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A Quick Guide to Taping Drywall With a Banjo

A Quick Guide to Taping Drywall With a Banjo

Suppose you have a large-scale drywall job to do and want to find a way to make the project easier. Some might suggest different strategies to tackle the job, but what if there was a more straightforward way? What if there was one tool that could eliminate all your concerns?

Consider using a banjo to make your next drywall project go smoothly and efficiently. Before working with this tool, study this quick guide to taping drywall with a banjo.

Thin Your Mud

The key to successfully operating the banjo is thinned mud. Mix the all-purpose lightweight joint compound used for embedding the tape and covering the tape with second and third coats. Thin the mud with about four cups of water per pail before pouring the compound into the banjo. You want the mud to be slightly thinner than if you were taping by hand.

If you’re using the banjo for a smaller project, like one or two rooms, transfer a few gallons of the joint compound into another bucket. Mix in the water a little until the compound drips in large globs.

Adjust the Banjo

After you’ve got your mud at the desired consistency:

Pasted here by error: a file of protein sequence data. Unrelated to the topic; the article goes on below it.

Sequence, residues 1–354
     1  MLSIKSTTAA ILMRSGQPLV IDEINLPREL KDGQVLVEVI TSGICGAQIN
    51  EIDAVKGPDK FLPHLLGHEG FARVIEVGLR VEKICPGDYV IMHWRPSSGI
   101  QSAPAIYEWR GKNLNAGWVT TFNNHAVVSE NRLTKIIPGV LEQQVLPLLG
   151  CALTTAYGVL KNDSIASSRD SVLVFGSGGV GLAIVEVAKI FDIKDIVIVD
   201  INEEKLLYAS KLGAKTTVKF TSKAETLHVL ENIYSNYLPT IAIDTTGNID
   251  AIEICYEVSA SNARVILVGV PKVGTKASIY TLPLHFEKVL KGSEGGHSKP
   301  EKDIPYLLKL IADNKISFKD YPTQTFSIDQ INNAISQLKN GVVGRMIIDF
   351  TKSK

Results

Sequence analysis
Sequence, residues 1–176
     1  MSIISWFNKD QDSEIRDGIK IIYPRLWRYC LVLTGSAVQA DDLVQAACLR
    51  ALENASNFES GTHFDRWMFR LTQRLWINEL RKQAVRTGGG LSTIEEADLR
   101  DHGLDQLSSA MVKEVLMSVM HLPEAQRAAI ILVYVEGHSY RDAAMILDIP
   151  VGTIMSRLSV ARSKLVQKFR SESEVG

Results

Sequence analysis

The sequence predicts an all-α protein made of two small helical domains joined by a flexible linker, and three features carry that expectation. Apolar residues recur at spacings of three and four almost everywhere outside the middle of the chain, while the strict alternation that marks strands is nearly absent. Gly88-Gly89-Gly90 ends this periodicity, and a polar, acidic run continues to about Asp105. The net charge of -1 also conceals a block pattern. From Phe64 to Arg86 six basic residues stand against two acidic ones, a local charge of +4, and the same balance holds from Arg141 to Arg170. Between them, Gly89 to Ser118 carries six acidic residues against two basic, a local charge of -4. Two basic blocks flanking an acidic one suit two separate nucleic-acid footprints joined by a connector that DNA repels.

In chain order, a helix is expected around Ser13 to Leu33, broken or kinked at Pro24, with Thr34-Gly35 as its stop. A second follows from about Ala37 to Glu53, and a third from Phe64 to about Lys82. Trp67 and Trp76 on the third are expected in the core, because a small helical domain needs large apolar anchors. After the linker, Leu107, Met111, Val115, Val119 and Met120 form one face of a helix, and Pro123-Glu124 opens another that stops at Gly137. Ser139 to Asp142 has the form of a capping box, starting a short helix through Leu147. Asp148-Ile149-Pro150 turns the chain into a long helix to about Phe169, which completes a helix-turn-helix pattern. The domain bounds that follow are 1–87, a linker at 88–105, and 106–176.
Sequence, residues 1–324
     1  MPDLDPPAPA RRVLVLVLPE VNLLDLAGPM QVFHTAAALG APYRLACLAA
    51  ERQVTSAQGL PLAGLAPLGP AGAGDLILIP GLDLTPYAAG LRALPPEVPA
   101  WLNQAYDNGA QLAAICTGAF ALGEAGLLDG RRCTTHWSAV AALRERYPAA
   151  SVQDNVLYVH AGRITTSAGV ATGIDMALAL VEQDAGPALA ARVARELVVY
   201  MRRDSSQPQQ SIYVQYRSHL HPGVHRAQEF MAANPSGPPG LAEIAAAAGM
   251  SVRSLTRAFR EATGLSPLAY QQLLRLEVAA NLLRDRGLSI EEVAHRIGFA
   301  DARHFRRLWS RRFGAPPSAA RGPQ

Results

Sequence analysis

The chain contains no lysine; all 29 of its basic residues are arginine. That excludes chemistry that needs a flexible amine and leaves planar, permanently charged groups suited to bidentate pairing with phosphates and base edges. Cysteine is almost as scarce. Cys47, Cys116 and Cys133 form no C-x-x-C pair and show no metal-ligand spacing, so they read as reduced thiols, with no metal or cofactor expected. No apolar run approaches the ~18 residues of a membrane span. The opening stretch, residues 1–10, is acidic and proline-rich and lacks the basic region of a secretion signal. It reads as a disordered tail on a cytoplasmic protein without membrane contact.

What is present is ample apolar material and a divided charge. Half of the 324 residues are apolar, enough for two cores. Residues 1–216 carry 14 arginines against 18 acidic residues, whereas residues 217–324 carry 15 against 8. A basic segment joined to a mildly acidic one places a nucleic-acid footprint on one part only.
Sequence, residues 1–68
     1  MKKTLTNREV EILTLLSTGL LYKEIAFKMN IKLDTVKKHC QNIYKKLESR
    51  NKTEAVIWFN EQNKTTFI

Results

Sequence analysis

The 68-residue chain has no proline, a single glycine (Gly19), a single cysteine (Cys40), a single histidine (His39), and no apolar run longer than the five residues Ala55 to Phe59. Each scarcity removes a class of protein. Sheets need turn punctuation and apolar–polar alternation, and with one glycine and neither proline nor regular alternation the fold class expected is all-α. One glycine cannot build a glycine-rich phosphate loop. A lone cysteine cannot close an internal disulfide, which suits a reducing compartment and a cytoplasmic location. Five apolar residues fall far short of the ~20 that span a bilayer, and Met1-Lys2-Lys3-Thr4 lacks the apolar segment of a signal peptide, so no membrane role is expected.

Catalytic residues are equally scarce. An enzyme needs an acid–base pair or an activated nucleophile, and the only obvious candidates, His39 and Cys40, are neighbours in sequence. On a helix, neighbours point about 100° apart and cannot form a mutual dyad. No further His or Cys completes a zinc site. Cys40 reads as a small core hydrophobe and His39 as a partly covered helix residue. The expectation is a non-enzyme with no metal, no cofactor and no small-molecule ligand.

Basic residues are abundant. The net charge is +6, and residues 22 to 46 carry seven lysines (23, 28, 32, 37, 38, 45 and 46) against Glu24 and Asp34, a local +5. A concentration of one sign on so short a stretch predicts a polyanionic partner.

1. Load the banjo with paper tape and the thinned joint compound.
  2. With the nose of the banjo facing the floor, pull out a few feet of tape and inspect the back.
  3. Ensure you adequately adjusted the banjo by leaving an even 1/8-inch-thick layer of joint compound.

Most banjos come with an adjustable width slot by turning the thumbscrews. Test the setup by applying tape strips to a scrap piece of drywall and flattening them with your taping knife. If you only see a little of the compound, widen the gap to deposit the mud.

Apply Tape to the Seams

Prefill the gaps between the drywall sheets with a setting-type joint compound and allow it to harden. Wipe off any excess compound flush to the drywall as you apply it, and use your taping knife to scrape off any dried lumps before you start drywall taping with a banjo.

When you start to pull the tape from the banjo, the top may be dry or have a small amount of the joint compound. To resolve this, trowel a thin layer of joint compound over the tape before you embed it to lubricate your knife.

As you continue to apply the tape, transfer the mud that comes out from under the tape back onto the surface of the tape with a small joint knife. You can put any excess mud into a mud pan or back into your bucket of drywall mud. When the compound in the banjo starts to run low, it won’t cover the bottom of the tape, and the tape will become easier to pull out. If this happens, refill the banjo, and add more water to the leftover compound if it thickens.

At Timothy’s Toolbox, we have a few more drywall hacks besides guidance on taping drywall with a banjo you can store away to make your contracting jobs easier. For more information visit our website.

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